Sipping whiskey with Guillaume Dalloz in his magnificent house, and enchanted by trivial anecdotes of this kind, I felt light years away from the horrors of the events of 1944 in the Vercors. In fact, the writers and artists of the generation of Pierre Dalloz had fought, alongside the rural folk of the Vercors, to preserve a splendid lifestyle of traditions, culture and adventure that the Nazis were intent upon destroying. It might be said that the barbarians actually succeeded in devastating this generation, to a large extent, through the elimination of exceptional individuals such as Jean Prévost, Antoine de Saint Exupéry and countless courageous maquisards of the Vercors. But their sacrifice has made this corner of the world a wiser, more profound and sacred place.

Sunday, February 1, 2009

Dark excursion

It doesn't seem right to describe my drive up onto the Vercors plateau yesterday afternoon as "dark", because the landscape was covered in a thick blanket of snow, making the trees stand out as a throng of black skeletons, and the sky was filled with eerie blue light.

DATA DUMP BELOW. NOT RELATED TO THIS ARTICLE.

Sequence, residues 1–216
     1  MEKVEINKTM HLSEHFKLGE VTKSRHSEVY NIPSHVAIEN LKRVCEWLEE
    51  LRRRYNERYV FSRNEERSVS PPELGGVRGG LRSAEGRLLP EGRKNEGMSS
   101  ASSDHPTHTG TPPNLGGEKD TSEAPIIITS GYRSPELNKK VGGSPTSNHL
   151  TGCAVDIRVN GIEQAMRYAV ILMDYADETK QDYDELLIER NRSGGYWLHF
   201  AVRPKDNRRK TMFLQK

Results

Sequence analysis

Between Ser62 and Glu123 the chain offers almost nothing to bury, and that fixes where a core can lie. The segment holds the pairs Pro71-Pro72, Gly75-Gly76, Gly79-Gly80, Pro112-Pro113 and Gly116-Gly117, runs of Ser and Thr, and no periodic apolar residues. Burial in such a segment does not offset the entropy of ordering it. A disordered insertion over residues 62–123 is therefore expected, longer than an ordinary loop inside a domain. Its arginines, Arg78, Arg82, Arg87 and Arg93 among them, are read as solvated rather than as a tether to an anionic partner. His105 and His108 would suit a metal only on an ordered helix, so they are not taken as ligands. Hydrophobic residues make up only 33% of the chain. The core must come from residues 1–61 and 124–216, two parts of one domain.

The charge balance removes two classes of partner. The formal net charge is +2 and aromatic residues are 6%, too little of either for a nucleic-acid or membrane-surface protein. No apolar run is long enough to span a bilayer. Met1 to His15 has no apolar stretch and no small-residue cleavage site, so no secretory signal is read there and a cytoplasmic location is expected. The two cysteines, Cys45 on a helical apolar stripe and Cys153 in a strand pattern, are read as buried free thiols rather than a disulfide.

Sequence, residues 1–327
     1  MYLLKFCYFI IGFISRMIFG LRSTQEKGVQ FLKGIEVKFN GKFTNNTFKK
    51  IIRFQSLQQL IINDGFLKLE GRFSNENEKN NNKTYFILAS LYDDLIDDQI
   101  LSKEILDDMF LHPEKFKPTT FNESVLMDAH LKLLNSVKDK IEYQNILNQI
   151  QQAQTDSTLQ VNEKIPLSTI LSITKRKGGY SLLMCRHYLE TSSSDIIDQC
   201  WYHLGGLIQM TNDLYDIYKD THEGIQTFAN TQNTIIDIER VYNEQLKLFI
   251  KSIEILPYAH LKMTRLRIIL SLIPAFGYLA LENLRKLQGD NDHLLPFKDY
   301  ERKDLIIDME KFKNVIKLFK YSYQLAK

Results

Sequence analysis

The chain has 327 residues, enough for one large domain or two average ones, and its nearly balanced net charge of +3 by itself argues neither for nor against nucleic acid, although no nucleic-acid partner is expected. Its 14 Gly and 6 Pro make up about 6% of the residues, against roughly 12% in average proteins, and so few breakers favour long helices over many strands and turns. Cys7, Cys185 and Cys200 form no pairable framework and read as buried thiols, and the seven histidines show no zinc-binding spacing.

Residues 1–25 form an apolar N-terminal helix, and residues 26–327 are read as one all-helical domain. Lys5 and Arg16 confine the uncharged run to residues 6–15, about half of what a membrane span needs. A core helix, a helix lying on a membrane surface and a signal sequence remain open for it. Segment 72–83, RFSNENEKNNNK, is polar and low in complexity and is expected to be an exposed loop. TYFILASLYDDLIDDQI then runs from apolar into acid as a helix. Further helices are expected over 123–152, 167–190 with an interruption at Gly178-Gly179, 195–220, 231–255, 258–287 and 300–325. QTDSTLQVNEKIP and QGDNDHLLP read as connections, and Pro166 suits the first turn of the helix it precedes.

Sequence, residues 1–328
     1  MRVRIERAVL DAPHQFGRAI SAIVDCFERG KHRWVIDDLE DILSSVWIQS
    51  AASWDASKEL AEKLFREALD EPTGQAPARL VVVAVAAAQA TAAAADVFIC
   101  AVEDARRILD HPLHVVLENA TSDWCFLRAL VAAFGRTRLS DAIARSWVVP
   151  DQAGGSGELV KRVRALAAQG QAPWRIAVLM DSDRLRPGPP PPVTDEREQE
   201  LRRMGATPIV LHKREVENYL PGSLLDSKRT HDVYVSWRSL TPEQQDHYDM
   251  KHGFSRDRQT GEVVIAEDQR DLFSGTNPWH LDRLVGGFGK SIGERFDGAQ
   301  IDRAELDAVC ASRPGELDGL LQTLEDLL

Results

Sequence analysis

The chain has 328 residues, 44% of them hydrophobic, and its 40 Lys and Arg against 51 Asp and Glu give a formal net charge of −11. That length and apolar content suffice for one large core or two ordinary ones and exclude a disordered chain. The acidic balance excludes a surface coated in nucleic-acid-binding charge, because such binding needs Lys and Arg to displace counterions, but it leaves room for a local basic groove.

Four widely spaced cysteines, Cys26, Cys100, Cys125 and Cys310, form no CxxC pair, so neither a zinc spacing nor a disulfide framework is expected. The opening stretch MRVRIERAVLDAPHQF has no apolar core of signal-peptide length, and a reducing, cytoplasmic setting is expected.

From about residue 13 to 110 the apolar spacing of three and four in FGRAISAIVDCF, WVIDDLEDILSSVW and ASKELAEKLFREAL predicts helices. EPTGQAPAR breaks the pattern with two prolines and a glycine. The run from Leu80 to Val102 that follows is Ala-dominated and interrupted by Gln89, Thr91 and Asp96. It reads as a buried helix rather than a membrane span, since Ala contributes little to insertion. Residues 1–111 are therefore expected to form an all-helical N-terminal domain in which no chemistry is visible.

But my excursion was metaphorically gloomy, because I would be revisiting the village of Vassieux, associated with the Vercors martyrs.

As I often do when I visit Vassieux, I halted for a few minutes in the war cemetery, in front of the simple white cross of 12-year-old Arlette Blanc (whose surname means "white" in French), who symbolizes the tragedy that took place on this lunar landscape in July 1944.